Section 822.02(5), Stats.; § 822.07(1), Stats.
The trial court must also consider whether another state has a closer connection with the children and whether substantial evidence concerning the children's care is present in the other state. The children had lived in Washington for four years prior to their removal to Wisconsin. More evidence as to their father's past and future care of them is available in Washington. It is, therefore, a more appropriate forum, and the Wisconsin action should be stayed to allow commencement of an action there.
Section 822.07(3)(b), Stats.
Section 822.07(3)(c), Stats.
The decision to stay the proceedings is reinforced by the fact that the children had never before been to Wisconsin and would not have been present but for the mother's abduction of them. If the court were to allow the mother to benefit from the abduction of the children, it would be encouraging abductions. Section 822.07(3)(e) directs the court to consider whether the exercise of jurisdiction in Wisconsin would contravene any purposes of the act. Since a stated purpose is to deter abductions, the failure to stay the proceedings in this state would undermine an explicit goal of the statute.
Section 822.01(1)(e), Stats.
Vorpahl argues that her abduction of the children was not improper, and that the trial court acted correctly by not considering it in determining whether to exercise jurisdiction. Sec. 822.08(2), Stats., provides that a Wisconsin court shall not exercise jurisdiction if the noncustodial parent has improperly removed the children to this state. Vorpahl contends that the Commissioner's notes define the word "improper" to exclude an abduction committed to protect the children.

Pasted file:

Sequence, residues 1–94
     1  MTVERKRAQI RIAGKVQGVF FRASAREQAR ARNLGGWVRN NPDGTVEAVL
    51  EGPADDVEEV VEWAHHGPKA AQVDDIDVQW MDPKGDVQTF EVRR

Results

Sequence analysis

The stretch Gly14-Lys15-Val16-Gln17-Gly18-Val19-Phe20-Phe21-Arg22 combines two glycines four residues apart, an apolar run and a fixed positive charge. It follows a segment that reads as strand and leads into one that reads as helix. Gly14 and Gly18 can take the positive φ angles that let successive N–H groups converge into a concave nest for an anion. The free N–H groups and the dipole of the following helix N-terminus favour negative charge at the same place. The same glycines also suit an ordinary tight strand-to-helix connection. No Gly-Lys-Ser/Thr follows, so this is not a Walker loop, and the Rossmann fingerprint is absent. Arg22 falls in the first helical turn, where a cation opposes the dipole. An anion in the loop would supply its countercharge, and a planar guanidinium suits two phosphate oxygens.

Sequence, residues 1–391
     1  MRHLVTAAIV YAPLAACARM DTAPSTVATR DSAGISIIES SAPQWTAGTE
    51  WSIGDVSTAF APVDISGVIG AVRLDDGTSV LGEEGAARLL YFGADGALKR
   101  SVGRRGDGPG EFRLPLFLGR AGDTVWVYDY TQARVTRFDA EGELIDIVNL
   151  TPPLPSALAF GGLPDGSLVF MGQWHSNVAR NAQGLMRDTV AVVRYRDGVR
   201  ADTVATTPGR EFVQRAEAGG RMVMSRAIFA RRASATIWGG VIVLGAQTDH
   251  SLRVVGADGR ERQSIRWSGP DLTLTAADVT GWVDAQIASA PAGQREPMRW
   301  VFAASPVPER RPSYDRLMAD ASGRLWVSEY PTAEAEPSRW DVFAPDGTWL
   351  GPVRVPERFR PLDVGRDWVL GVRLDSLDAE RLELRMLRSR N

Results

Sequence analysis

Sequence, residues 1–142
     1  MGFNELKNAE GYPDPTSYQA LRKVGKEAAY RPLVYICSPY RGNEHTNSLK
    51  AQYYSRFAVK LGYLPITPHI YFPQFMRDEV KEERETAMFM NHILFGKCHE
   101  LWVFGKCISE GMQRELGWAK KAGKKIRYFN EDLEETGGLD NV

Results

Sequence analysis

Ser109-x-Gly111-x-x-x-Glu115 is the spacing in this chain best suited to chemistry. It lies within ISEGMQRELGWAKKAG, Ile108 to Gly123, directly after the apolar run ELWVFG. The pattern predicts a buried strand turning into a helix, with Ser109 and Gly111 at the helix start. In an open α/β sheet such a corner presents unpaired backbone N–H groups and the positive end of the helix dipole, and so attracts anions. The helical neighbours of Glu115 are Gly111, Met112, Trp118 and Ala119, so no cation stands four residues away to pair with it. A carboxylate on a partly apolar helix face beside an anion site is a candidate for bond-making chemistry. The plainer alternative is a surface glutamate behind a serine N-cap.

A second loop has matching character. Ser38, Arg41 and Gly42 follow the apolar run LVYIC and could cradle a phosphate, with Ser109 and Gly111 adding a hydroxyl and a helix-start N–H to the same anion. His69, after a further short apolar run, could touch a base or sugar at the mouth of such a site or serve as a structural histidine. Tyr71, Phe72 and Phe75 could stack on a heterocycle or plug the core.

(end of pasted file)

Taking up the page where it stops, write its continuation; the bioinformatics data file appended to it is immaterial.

Commissioner's Notes to UCCJA § 8 at 116 states: "The qualifying word `improperly' is added to exclude cases in which a child is withheld because of illness or other emergency or in which there are other special justifying circumstances."
It is not clear from the record that the children needed the protection that would have justified Vorpahl's abduction of them. When the children reached Wisconsin, emergency jurisdiction did exist because the mother's removal of them from their father's home created their dependency. Vorpahl's actions, however, are not sufficient to create the initial emergency situation necessary to justify her removal of the children and thereby cause sec. 822.08(2) to become inoperable.
The affidavits presented by the father were relevant to show whether an emergency situation existed at the time of the abduction, which would justify the mother's removal of the children. The trial judge did not appear to consider them on this point and such a failure is an abuse of discretion. Mayer v. Mayer, 91 Wis.2d 342, 283 N.W.2d 591 (Ct.App. 1979).
Furthermore, sec. 822.08(2) contemplates a complete refusal to exercise jurisdiction. In the instant action, we conclude that the trial court erred not in maintaining its initial assumption of emergency jurisdiction over the action, but in failing to stay the proceedings pursuant to sec. 822.07(5). Because the trial court properly exercised emergency jurisdiction, the factors set forth in sec. 822.08, which provide for a complete denial of jurisdiction, are not relevant. The question instead focuses on the court's refusal to stay the proceedings. In making such a determination, sec. 822.07(3)(e) requires the trial court to consider the mother's abduction. We conclude that failure to consider this factor was a mistake in law constituting an abuse of discretion. The trial court did not use the criteria established by the statute in determining whether Wisconsin was an inappropriate forum.
First Wis. Nat'l Bank, supra note 9.
Because the trial court failed to apply the proper standard in determining whether it was a convenient forum, it erred in failing to stay the proceedings. We therefore direct the trial court to retain emergency jurisdiction over the action, pursuant to sec. 822.03(1)(c), but to stay the proceedings, pursuant to sec. 822.07(5), for thirty days after remittitur to allow either party to commence a custody action in the State of Washington. At the end of this time, the court shall resume the proceedings if neither party has commenced an action in Washington. If an action has been commenced in Washington, the trial court in this state should hold itself open to conduct hearings and take testimony pursuant to secs. 822.20 and 822.21, Stats.
By the Court. — Order affirmed in part, reversed in part and cause remanded for further proceedings consistent with this opinion.